Collaboration between specialist researchers from Facebook and Carnegie Mellon University has resulted in a breakthrough in the area of Artificial Intelligence. They managed to develop an AI bot for poker that has been tested to win against even some of the greatest masters of the game.
With bluffing, unpredictable bet-size maneuvers, and a convincing proven victory to top it off, the bot known as Pluribus, is practically history in the making.
- Carnegie Mellon University and Facebook AI research scientists have created an AI poker bot.
- Pluribus won against five professional poker players, with an average winnings rate of $5 per hand.
- Questions regarding the future of online poker have been raised in light of this new discovery.
A Successful Research
Noam Brown has been working on his Ph.D. at the Facebook Artificial Intelligence Research (FAIR) Group. He has been collaborating with his former colleague, Tuomas Sandholm. They have come up with a unique poker-playing AI bot that can take on multiplayer challenges and achieve winning statistical rates.
The bot Pluribus has been tested in a six-player, no-limit Texas Hold’em poker table game, based two different scenarios. On the one hand, there were five copies of the AI against two poker pros – the six-time WSOP winner Chris “Jesus” Ferguson, and Darren Elias, record-holder in most World Poker Tour titles. On the other, a single copy of the AI went up against a total of 13 professional poker players and beat them in 10,000 hands.
Reaching the decisive margin of victory in both scenarios, co-creator Brown claimed the following:
It’s safe to say we’re at a superhuman level and that’s not going to change.
What’s the Science Behind AI Pluribus?
The basics of this success lies in the fact that Pluribus is able to perceive the poker game in a whole new way. It is able to make estimates for each hand it is supposed to play out. It draws up four different short-term scenarios for the following players’ moves and making the best choice based on that.
In this regard, the AI has been noted as having practically taught itself, based on practical experience in the gameplay. It makes unpredictable and different sized bets, as well as bluffs in order to take on its opponents, raising some existential questions all the while. After all, with bluffing being considered an inherently human characteristic, the matter came down to answer if it’s “the behavior or the result” that defines the practice.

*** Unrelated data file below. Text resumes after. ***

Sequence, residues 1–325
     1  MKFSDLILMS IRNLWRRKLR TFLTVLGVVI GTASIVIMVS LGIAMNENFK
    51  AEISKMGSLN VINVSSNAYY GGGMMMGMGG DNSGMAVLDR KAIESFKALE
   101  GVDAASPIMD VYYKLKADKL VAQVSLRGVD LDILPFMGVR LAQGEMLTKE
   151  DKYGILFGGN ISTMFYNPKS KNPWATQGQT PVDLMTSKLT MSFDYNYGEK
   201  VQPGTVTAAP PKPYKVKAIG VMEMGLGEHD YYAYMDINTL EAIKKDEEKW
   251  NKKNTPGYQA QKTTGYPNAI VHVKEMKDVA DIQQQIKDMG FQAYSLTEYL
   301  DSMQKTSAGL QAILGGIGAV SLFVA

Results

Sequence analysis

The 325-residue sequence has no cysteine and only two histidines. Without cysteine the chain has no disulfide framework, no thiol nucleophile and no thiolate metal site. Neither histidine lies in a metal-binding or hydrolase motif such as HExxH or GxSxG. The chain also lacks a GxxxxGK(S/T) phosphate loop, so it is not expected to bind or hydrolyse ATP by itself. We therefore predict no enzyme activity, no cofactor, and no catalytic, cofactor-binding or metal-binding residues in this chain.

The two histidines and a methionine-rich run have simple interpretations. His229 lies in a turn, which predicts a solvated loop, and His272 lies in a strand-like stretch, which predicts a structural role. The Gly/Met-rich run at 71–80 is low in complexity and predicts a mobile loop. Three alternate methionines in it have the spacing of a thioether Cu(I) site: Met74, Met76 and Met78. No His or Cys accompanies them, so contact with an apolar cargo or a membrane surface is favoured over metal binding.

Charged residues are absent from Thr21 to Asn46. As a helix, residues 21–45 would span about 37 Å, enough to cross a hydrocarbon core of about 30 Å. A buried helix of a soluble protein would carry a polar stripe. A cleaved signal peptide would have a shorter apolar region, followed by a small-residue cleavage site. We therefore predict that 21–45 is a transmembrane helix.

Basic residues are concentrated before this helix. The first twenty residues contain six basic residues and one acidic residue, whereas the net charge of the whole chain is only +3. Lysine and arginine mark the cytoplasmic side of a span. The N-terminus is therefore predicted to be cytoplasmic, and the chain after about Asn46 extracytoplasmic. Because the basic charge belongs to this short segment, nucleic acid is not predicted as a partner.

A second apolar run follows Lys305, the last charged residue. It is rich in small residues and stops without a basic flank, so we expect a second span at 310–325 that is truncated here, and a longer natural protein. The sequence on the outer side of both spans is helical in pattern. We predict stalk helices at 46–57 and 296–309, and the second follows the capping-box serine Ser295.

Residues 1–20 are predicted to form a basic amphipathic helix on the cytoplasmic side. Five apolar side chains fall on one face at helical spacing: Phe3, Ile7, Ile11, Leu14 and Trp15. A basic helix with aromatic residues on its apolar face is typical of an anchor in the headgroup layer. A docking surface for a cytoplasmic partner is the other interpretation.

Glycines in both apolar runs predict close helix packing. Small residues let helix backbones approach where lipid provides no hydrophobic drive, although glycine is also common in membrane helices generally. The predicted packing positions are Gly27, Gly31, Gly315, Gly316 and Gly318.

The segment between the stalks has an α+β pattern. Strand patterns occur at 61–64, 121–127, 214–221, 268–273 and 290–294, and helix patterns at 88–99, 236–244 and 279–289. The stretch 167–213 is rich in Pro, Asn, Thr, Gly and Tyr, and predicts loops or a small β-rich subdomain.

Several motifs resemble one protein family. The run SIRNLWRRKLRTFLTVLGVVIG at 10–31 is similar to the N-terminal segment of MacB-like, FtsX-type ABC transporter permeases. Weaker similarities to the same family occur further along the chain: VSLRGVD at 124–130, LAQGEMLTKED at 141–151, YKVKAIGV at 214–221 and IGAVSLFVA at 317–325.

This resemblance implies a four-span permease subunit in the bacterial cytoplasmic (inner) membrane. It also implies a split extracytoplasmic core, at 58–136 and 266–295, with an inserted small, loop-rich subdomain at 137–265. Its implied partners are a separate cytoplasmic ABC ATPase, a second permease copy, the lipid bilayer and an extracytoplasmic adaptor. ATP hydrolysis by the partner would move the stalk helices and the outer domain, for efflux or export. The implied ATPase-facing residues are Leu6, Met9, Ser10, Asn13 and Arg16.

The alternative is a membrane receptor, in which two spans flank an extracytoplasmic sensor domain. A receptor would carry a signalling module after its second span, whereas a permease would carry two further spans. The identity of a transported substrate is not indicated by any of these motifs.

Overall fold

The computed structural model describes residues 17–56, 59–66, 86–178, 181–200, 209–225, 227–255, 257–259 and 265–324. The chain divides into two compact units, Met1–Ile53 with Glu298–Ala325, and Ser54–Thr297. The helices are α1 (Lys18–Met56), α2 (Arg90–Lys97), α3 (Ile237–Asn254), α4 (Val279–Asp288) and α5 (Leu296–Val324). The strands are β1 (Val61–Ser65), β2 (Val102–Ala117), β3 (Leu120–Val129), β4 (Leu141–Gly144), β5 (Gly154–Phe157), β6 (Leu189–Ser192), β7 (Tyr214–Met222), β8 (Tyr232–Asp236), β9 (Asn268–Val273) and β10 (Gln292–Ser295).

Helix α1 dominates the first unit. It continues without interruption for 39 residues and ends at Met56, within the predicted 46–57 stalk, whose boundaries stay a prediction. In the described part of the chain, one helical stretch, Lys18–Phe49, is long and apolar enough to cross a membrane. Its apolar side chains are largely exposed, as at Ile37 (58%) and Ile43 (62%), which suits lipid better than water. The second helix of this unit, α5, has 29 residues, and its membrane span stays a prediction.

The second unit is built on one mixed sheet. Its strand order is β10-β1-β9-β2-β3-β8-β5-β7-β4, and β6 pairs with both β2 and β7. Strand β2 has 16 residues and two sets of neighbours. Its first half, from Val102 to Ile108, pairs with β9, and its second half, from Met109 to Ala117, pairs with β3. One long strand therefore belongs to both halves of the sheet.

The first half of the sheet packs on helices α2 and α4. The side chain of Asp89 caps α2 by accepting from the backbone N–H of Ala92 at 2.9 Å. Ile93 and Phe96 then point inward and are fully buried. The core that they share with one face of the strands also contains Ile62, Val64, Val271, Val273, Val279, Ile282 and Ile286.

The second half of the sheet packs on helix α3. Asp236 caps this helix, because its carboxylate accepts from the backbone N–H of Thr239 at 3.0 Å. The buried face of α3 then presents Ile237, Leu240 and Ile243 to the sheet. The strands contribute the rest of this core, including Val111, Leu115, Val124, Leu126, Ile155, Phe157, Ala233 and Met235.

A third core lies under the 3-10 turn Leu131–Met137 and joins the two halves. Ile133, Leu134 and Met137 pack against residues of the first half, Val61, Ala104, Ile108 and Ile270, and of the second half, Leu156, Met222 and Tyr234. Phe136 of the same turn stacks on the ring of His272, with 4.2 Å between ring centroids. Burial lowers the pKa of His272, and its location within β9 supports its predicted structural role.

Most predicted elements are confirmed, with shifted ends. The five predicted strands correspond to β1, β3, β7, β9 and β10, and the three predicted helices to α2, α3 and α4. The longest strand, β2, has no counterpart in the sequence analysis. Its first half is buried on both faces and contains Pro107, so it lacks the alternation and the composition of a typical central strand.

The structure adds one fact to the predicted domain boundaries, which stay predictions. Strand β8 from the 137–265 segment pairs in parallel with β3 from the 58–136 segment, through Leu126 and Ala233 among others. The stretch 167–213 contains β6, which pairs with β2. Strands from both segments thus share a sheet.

What makes the concept all the harder to grasp and accept is the fact that poker is considered an imperfect and incomplete game. This is due to the unpredictability of the outcome, as well as the lack of preview over some elements of the game like the opponents’ cards.
Building on Past Achievements
This isn’t the first time Artificial Intelligence has been able to perform something that was considered to be inherently human. Just in the 1950s, chess was overturned as one of the most intelligence-provoking games into a simple AI bot algorithm. Soon afterwards, the game Go underwent the same process, with bluffing being just the latest one in the line.
In order to eradicate any malicious implications, co-creator Noah Brown came forward with a statement declaring his initial motives.
This whole idea that there is this, you know, mathematical strategy to the game, this perfect strategy that, if you can play it, nobody will be able to beat you”, is what seems to be the prompt towards this AI’s creation. The bot doesn’t view it as deceptive or lying in any way, it just views it as ‘This is the action that’s going to make me the most money in this situation’
Bear in mind that Pluribus, as it is today, has only been developed thanks to two previous versions: the 2015 Claudico and the 2017 Libratus. The former didn’t manage to achieve the statistical victory, only to be remedied by the latter. This taught researchers a valuable lesson. They stopped trying to sabotage and exploit the opponents and started improving on their own gameplay strategy.
What’s in the Cards for Artificial Intelligence?
The future of artificial intelligence seems to be getting all the more impressive considering how fast it took them to gain such valuable insight and produce tangible results. As impressive as Pluribus’ capabilities are, many have been wondering about its potential practical applications.
The primary concern has been swiftly eradicated, as Brown himself claimed that:
I have come to love the game, because these AIs have really shown there’s a whole additional depth to the game that humans haven’t understood, even brilliant professional players who have played millions of hands.
With some reassurance coming from one of the inventors, tensions have loosened up, and other guesses are being made. Some of the top areas that could benefit from such perfected Artificial Intelligence include health, security, all the way to transport and entertainment like self-driving cars and motorsports games.